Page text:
The past
Germany have yet to miss out on a single edition of the FIFA U-17 Women’s World Cup. They failed to progress to the knockout stages two years ago despite travelling to Costa Rica as European champions. The tournament favourites collected just one point from three group games, drawing 2-2 with Canada before being beaten 1-0 and 4-3 by Ghana and Korea DPR respectively to finish a disappointing last place in Group B. Germany finished fourth in Azerbaijan two years earlier after suffering defeat at the hands of Korea DPR in the semi-final and losing the match for third place to Ghana, while their 2010 campaign was again brought to a grinding halt by Korea DPR when the Asian side defeated them 1-0 at the quarter-final stage. Germany’s youngsters celebrated their best-ever finish in New Zealand in 2008 where, despite losing 2-1 to the USA in the semi-final, they beat England 3-0 in the third-place play-off to climb onto the bottom step of the podium.

The present
Germany travel to this year’s U-17 Women’s World Cup as European champions, just as they did at Azerbaijan 2012 and Costa Rica 2014. The team lifted the UEFA Women’s U-17 Championship trophy for the fifth time this month after previous victories in 2008, 2009, 2012, and 2013, making them Europe’s most successful team in this age bracket. Anouschka Bernhard’s side beat England 4-3 in a thrilling last-four encounter to book their ticket to the World Cup finals in Jordan. As in 2013, penalties were once again required to settle the final, with Germany getting the better of Spain 3-2. “I’m so proud of my entire team, and I mean all of them, from the players to the team behind the team,” Bernhard said after the match. “We’re over the moon about becoming European champions. I’m proud of what the girls have achieved and how they’ve conducted themselves.”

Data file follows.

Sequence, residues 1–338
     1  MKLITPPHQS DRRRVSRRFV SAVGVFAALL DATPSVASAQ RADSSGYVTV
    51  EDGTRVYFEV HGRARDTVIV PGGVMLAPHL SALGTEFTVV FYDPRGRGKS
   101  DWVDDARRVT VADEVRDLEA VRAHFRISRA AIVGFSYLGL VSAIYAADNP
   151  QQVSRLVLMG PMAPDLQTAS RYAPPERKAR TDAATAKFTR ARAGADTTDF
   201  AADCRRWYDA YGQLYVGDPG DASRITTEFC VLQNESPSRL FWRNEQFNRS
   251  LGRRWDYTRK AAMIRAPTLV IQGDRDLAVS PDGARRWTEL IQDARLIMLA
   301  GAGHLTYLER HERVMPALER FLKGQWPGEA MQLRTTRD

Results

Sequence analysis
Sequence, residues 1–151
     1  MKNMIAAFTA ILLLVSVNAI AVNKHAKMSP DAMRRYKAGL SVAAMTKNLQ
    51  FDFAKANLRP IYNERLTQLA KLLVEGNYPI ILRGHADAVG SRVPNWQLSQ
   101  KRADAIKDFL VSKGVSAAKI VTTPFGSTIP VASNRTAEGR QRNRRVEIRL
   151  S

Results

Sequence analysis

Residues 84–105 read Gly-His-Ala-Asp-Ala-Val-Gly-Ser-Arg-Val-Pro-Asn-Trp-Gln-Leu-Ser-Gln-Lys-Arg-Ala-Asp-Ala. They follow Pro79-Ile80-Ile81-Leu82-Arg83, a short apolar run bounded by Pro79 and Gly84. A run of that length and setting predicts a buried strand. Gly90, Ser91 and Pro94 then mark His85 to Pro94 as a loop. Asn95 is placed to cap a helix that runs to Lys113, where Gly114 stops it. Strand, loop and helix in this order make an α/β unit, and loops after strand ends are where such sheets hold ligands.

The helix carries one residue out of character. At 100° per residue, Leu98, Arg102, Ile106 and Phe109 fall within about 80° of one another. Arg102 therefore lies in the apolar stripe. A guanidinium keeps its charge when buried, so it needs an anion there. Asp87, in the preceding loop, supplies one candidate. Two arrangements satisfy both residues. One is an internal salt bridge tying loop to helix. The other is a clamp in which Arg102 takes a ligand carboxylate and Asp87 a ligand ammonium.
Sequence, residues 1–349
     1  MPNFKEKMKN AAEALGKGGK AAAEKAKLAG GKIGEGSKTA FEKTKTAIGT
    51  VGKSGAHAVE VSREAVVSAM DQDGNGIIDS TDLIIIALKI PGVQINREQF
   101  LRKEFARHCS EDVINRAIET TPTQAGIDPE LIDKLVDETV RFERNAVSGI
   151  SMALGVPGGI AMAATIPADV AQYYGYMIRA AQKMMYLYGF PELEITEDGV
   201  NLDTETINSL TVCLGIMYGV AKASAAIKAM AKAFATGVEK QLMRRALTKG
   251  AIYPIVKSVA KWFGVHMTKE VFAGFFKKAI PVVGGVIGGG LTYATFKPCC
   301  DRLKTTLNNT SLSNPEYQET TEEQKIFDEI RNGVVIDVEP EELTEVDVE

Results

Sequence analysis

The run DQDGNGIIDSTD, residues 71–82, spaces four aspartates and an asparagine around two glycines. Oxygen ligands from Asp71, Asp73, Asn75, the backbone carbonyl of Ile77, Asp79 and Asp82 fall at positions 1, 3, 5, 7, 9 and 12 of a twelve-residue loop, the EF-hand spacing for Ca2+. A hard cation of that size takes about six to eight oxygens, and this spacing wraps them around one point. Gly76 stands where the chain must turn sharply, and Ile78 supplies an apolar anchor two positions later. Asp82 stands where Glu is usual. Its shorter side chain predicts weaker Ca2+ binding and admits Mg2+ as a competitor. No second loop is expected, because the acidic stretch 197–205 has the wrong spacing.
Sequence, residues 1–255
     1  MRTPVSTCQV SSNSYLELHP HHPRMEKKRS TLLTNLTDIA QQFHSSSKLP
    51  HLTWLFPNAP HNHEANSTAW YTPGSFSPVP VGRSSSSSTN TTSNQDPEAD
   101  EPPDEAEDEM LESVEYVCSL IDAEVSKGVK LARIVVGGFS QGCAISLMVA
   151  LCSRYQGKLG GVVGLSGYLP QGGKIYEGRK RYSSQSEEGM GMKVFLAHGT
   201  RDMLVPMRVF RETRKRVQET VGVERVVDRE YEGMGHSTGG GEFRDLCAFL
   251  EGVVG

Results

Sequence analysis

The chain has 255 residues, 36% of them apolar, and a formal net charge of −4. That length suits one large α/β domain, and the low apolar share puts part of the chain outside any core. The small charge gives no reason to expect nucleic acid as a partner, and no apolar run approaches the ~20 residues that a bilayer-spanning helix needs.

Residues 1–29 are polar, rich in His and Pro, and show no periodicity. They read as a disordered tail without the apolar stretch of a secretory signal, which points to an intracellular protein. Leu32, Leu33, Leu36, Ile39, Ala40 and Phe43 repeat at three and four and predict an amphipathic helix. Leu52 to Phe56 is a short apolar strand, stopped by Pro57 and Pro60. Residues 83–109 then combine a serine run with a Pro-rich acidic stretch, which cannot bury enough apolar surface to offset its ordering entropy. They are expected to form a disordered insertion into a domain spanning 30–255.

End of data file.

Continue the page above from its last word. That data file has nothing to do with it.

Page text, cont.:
The future
The U-17 Women’s World Cup increasingly seems to serve as a talent pool for future international stars. Sara Dabritz made waves in Azerbaijan before making her senior debut in June 2013. Just a few weeks later, she tasted victory with her team-mates at the UEFA Women’s EURO 2013 in Sweden after national team coach Silvia Neid included her in the squad for the tournament. Lena Lotzen and Luisa Wensing graduated from the U-17 Women’s World Cup 2010 ranks to take their place in the senior set-up alongside 2008 players Dzsenifer Marozsan, Svenja Huth, Almuth Schult and Alexandra Popp.